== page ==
Global Policy Forum

US Ends Payments to Chalabi's


By Andrew Tully

Radio Free Europe/Radio Liberty
May 19, 2004

For the past four years, the U.S. government has given tens of millions of dollars to the Iraqi National Congress (INC) to help gather intelligence in Iraq, with monthly payments of $335,000. Before the war, the INC provided America with intelligence on former Iraqi leader Saddam Hussein and his suspected weapons programs and how to plan for a post-Saddam occupation. Since Hussein's fall, they have helped occupation forces find suspected insurgents.

Some of the intelligence the INC has provided to the United States has turned out to be questionable, however. So far, no significant caches of unconventional weapons have been found. And many Iraqis are resisting the U.S.-led occupation, despite assurances -- again reportedly from the INC -- that coalition forces would be welcomed by Iraqis after Saddam's fall. Criticism of the INC is focused on its leader, Ahmad Chalabi, a wealthy Iraqi exile who had not lived in his native land for nearly 50 years. Now he is a member of the U.S.-appointed Iraqi Governing Council.

Chalabi is widely reported to have had the support of U.S. Defense Secretary Donald Rumsfeld, but is said to be mistrusted by Secretary of State Colin Powell. It was Powell who is said to have favored a much larger coalition force to maintain order in Iraq after Hussein's fall. Instead, Bush chose to go with a smaller force, as recommended by Rumsfeld, because of Chalabi's reported assurances that few Iraqis were expected to resist the occupation.

Yesterday, there were several news reports that the Bush administration was not prepared to extend the program under which it gave financial support to the INC. The program was set to expire on 30 June, the day the occupation authority hands over sovereignty to an interim Iraqi government. Deputy Defense Secretary Paul Wolfowitz confirmed those reports during an appearance before the U.S. Senate Foreign Relations Committee. He said Washington believes it would be inappropriate to continue funding a private political organization in Iraq after Iraqis take over sovereignty of their country.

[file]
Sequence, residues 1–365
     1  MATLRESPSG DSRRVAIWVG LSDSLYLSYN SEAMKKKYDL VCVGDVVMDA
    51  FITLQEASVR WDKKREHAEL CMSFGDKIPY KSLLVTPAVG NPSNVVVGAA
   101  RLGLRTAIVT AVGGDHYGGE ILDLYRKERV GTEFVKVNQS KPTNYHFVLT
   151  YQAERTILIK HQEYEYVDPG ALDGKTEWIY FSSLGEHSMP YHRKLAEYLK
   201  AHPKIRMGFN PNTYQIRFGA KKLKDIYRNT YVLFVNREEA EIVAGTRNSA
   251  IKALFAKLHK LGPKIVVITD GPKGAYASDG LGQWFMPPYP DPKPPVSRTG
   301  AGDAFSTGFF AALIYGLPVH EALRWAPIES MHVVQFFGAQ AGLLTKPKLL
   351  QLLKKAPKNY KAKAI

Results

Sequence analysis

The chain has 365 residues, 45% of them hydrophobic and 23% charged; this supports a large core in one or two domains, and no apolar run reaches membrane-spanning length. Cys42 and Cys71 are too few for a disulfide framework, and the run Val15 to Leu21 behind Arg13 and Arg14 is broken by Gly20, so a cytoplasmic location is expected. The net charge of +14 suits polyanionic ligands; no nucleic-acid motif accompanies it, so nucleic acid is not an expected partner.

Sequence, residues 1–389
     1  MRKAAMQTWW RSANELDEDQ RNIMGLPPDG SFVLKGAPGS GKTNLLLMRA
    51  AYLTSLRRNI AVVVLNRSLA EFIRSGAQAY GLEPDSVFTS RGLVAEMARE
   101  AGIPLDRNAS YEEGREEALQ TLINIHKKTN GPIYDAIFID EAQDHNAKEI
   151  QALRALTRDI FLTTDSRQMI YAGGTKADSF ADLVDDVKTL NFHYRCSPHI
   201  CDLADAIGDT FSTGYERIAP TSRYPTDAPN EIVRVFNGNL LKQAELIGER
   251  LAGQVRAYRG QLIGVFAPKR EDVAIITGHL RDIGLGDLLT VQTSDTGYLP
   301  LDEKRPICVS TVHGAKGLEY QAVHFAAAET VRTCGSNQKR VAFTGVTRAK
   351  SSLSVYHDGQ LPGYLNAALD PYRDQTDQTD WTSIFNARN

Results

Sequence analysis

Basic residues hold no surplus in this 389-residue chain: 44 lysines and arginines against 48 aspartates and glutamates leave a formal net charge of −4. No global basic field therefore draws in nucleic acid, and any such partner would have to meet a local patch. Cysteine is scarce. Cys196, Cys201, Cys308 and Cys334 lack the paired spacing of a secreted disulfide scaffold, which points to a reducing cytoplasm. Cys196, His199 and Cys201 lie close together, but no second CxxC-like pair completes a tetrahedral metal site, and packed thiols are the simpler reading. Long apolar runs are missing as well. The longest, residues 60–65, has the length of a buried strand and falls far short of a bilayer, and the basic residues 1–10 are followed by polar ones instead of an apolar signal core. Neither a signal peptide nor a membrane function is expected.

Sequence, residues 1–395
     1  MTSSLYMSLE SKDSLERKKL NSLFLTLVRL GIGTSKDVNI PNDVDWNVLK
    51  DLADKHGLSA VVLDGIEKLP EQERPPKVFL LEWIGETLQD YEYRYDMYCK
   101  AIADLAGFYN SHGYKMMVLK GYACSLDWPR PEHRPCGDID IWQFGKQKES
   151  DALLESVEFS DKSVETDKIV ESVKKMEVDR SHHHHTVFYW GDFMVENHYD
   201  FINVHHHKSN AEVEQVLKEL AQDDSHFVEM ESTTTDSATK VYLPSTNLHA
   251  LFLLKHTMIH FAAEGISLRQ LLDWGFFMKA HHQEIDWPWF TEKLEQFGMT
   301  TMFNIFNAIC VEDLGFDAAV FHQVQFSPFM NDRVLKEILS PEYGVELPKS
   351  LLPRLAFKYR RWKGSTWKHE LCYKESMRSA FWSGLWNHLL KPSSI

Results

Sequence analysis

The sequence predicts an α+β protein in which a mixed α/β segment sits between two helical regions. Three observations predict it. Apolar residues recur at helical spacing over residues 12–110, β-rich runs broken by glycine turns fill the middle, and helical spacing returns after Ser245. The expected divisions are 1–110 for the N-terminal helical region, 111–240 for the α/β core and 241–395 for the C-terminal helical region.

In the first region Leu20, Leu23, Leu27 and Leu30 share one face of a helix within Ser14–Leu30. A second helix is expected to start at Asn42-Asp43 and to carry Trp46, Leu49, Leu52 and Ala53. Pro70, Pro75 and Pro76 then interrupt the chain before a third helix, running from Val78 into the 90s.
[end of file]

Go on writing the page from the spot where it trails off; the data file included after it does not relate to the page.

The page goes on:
Wolfowitz also praised the quantity and quality of intelligence that the INC provided, both before and after Hussein's fall. But it is the quality of that intelligence that is at issue as the United States severs its formal relationship with Chalabi and his group, according to Mark Burgess, an analyst at the Center for Defense Information, a policy research center in Washington. Burgess tells RFE/RL that members of the Bush administration must be embarrassed that they put so much trust in the INC. But he says the Bush administration ultimately has no one to blame but itself. "[Chalabi] was telling [Bush administration officials] something they wanted to hear. They just wanted to believe it. It would have been nice had it worked out that way. Maybe they let their wishful thinking cloud their better judgment. Maybe they thought it was worth the risk. Maybe they thought, 'Well, you know, if it looks, six months down the line, like it's not going to work -- a year down the line -- we'll stop funding him, and we'll wipe our hands of him,' " Burgess said.

Burgess says it is just as easy to believe that the U.S. administration is unceremoniously dumping Chalabi to prevent further embarrassment as it is to accept Wolfowitz's explanation that it would be improper to support a private political group after handing over sovereignty. Either way, Burgess says, Chalabi is politically sophisticated enough to recognize that now is the time for Bush himself to seize an opportunity and rid himself of a political liability. "Mr. Chalabi is a grown-up in a tough world. He must realize that political expediency is what is [most important]. Getting rid of Chalabi -- whether or not it's for good reasons or for bad, on your part -- it's got to improve matters at this point," Chalabi said.

Judith Kipper is less cynical about the Bush administration's motives in deciding not to extend its relationship with the INC. Kipper is the director of the Middle East Forum at the Council on Foreign Relations, a New York-based think tank. Kipper tells RFE/RL that she accepts Wolfowitz's explanation because, she says, there is really no other sensible explanation. The United States, she says, cannot possibly continue to support the INC after an Iraqi government is sworn in. "This is a long-term support [for the INC] -- pre-war and during the war -- for years and years and years. So, as we turn over sovereignty, [ending the financial support is] an essential step. We are going to leave Iraq to the Iraqis, because if the Iraqis are sovereign and have their own government, the U.S. should not support one political group or another, financially or in any other way," Kipper said.

Kipper also says she is uncomfortable with the common assessment of Chalabi as being self-serving. She said that whatever disagreements one may have with him, he made a significant contribution to bringing down a man she calls a tyrant. "Many parts of our government and analysts have had their differences with [Chalabi], but nobody can take away from him that he put the tyrannical, Stalinist regime of Saddam Hussein on the map and got the attention of Americans. And he was very, very important in promoting a different kind of future for Iraq," Kipper said.

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